What is Gemuetlichkeit? Trying to define an indefineable German Concept
When I arrive on my Aunt’s doorstep in Germany, she greets me with “Kommt ‘rein… mach’s euch Gemütlich!”(come in, make yourself gemütlich) and on family evenings instead of making plans my mother might say, “Wir machen uns Heute Abend Gemütlich” (tonight we will make ourselves gemütlich). A small well appointed room is described as “Gemuetlich”, and a noisy drafty restaurant would be called un-gemütlich. (I once sat next to a woman in a soccer stadium who complained that the wall behind our seats made it very un-gemütlich!) Gemütlich or Gemütlichkeit is one of those easy to understand, yet impossible to define German words. It’s a word that describes a feeling, rather than something absolutely tangible. A word Germans instinctively understand. So, what is Gemuetlichkeit? How did it become such a central part of German life?
What is Gemuetlichkeit?
Gemütlichkeit translates loosely to describe “the state or feeling of warmth, friendliness or good cheer”. This term often gets associated with the feelings you have sharing a beer with friends at a beer garden or exploring a Christmas market with your family. Some see the English equivalent being “cozy”, yet to Germans this misses a key component. To them, Gemütlichkeit has a good, warm feeling that comes from interactions with others. It grows from a sense of close community or belonging, and touches on senses of full well-being.
German can be a fairly straightforward language. Words get put together to create a name that might be descriptive to explain the new concept.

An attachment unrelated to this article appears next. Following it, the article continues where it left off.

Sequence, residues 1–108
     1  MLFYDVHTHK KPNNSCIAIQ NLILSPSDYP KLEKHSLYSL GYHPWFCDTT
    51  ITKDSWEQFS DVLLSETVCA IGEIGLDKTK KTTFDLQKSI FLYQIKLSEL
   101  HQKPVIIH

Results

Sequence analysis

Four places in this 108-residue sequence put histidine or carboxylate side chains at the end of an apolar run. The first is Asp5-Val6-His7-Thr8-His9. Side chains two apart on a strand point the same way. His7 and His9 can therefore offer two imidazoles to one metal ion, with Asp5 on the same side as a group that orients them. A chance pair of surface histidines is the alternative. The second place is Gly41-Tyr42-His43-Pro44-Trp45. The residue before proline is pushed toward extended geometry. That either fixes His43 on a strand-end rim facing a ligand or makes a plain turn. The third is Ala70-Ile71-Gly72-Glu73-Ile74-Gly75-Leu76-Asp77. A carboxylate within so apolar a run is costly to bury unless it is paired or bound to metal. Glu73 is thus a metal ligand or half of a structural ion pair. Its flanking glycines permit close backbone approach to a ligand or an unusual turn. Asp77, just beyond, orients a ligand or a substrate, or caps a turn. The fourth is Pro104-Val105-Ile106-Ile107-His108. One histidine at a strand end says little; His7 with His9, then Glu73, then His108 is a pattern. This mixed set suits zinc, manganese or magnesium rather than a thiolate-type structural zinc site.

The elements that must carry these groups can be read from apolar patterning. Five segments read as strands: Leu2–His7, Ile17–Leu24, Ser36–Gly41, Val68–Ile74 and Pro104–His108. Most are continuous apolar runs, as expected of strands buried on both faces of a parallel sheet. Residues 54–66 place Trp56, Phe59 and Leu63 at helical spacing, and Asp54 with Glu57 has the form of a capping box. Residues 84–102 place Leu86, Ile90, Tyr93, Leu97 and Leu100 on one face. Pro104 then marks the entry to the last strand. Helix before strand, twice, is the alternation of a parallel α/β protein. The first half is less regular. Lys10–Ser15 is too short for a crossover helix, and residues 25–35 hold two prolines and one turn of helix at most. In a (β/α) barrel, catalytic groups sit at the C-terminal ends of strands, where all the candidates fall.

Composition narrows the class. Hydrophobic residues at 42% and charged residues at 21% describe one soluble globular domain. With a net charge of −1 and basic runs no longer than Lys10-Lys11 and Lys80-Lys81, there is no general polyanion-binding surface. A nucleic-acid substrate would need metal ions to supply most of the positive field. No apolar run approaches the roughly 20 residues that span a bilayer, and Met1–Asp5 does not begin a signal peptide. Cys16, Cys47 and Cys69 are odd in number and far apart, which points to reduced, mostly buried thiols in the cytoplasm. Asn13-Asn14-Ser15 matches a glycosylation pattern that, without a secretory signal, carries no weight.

Think about the world Schlafsack. Translated literally it means Sleep bag (schlaf- sleep, sack- bag). Perfect. Literal, straightforward.
But a word like Gemüt isn’t so straightforward. Gemüt is defined a number of ways… as mind, mood, feeling, and psyche. A state of mental being.
Add “lich” and you turn the noun into an adjective. Lich describes the Gemüt. (No, there’s no exam, and the Grammar police are not on their way).
So now we add “keit”, which turns the adjective back into a noun. (and no, you aren’t the only one a little confused)
What is Gemeutlichkeit? Gemuetlichkeit is when your mental state is at peace, and entirely content in its current state.
A History of Gemütlichkeit
Perhaps the word is better understood if you know a bit of the history. (And don’t worry, I won’t dig too deep.)
The concept of Gemütlichkeit emerged during the Biedermeier period in German history. This time between the Napoleonic war ended in 1815 and the Revolutionary wars kicked up in 1848 were a time of Middle-Class prosperity. A time of looking inward to hearth and home. But why?
It was all because of industrialization. Factories and industry were creating wealth in Germany, and the Urban Middle-Class grew. The people were war weary, and after years of political oppression, they decided to use their extra time and money to focus on domestic issues instead of politics. It was as if an entire group of people collectively said… “I have food in my stomach, a roof over my head, I’m sick to death of politics, so I’m staying home with my family and just enjoying my life”.
Ironically, the word Biedermaier comes from a pair of satirical poems by Joseph von Scheffel called “Biedermanns Abendgemütlichkeit” and B”ummelmaiers Klage” about the withdrawal from public political life. Bieder means “unadventurous” and Maier is like Smith…. A Biedermeier is an unadventurous average man. But that takes us away from the main point.
The Biedermeier period even comes with its own design style… simple, functional, practical. More people bought and read books, people took up hobbies, homes had pianos, and every house had a writing desk.
This was a time of the idyllic lifestyle. The husband went to work, while the wife stayed home and made sure that the home was comfortable for the family. Home Sweet Home. The word Gemütlichkeit comes from this, the idea of withdrawing from the outside world, and focusing on the domestic.
What is Gemuetlichkeit Today
While today’s lifestyle may have changed a bit, the German desire for Gemütlichkeit remains. The in-home feeling of sanctuary, of belonging. Perhaps that is why, from the outside Germans may look a bit distant, but at home, Germans are the warmest people I know. It’s all about Gemütlichkeit.
I think we can all agree that the world could use more Gemütlichkeit.